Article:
According to the thermal warranty on PG Glass products, glass will be safe from thermal stress fracture when subjected to a list of conditions. One of the conditions is that glass should be glazed in accordance with recognised industry practice and as specified in SANS 10137. Any glass with damaged edges must be rejected prior to installation. “Only glass having good-quality polished edges should be installed,” says Jones.  

On the website, the European glass company Pilkington states that edge quality of the glass can play a part in creating thermal stress. “Glass with damaged edges will take less stress than clean-cut glass. A good clean-cut edge is the best finish along with fully polished edges.” Pilkington states that ground edges and arrissed edges may not be as good.  “A ground or arrissed edge is a series of small defects around the glass. The effect brings all the defects to an average level and may at best be only more predictable than a glass with more random damage.”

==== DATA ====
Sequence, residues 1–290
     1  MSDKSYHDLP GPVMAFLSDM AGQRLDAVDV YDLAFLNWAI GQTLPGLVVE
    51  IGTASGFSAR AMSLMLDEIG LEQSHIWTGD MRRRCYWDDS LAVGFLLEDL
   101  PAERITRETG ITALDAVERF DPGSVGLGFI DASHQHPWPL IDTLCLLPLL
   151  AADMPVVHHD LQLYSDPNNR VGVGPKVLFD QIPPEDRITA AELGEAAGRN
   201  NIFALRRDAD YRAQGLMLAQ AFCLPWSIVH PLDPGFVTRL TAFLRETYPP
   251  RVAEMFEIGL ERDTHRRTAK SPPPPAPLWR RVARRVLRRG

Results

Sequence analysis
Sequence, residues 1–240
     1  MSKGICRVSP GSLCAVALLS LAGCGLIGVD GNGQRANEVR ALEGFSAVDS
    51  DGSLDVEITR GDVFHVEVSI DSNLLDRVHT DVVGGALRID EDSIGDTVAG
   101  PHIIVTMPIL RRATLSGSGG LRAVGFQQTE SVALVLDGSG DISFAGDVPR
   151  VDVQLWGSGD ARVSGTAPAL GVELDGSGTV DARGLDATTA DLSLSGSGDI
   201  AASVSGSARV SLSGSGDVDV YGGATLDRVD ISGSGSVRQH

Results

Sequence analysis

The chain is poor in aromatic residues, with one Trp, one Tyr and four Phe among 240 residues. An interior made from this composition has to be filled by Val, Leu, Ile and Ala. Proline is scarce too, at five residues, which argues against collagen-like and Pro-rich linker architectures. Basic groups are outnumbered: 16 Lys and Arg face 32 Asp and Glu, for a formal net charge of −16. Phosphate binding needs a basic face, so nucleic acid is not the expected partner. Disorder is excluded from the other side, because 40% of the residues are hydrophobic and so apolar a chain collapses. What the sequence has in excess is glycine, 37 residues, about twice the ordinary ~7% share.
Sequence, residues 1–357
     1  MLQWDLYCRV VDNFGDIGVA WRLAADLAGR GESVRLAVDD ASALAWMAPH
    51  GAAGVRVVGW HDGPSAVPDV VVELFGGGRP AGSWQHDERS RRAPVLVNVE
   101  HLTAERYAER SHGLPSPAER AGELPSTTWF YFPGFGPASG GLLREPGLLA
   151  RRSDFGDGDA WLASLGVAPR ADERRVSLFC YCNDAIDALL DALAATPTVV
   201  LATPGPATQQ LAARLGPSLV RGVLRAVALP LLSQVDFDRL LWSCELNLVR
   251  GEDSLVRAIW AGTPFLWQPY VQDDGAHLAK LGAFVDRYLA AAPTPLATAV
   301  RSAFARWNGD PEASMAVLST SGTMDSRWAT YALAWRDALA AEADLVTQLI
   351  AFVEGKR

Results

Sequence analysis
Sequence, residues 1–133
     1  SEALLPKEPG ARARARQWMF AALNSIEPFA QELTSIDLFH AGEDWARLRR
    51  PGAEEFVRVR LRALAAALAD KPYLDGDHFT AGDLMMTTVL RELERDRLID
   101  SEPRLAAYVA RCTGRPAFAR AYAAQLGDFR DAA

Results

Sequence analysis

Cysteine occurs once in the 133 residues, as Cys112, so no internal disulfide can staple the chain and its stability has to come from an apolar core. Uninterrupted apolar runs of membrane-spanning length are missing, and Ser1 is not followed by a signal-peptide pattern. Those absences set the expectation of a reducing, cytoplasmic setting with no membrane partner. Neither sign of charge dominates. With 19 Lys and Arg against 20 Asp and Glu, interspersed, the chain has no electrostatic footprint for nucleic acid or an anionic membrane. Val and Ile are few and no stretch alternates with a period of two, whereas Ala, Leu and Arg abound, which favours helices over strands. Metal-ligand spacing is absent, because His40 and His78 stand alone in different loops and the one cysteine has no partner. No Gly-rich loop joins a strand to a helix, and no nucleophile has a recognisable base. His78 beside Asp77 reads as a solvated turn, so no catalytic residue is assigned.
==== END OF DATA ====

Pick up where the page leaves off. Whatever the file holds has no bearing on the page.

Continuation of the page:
Jones says no paint or signage material should be applied onto the glass; otherwise the thermal warranty will be breached. “If internal blinds or drapes are fitted to the vision lites these must be installed at a minimum of 50mm off the inside glass face, open top and bottom,  to afford adequate ventilation,” she adds. 

She explains that it is therefore advisable to request a thermal stress evaluation from Glass South Africa (GSA), a division of the PG Group, for each application prior to specifying and/or purchasing the glass. She says this is particularly important where a glass with high heat absorption is utilised, whether in single glazing or in a silicone-insulated unit.  

Pilkington states that the sun changes its path through the sky during the year.  “If the glass in a building is subject to excess thermal stress, it would be expected to have problems in its first year of use. The most challenging periods are in spring and autumn, when the sun angles are low and the nights are cold.” In midsummer the edges of the glass will be warmer anyway and the sun’s path is more directly overhead, putting less direct heat into the glass.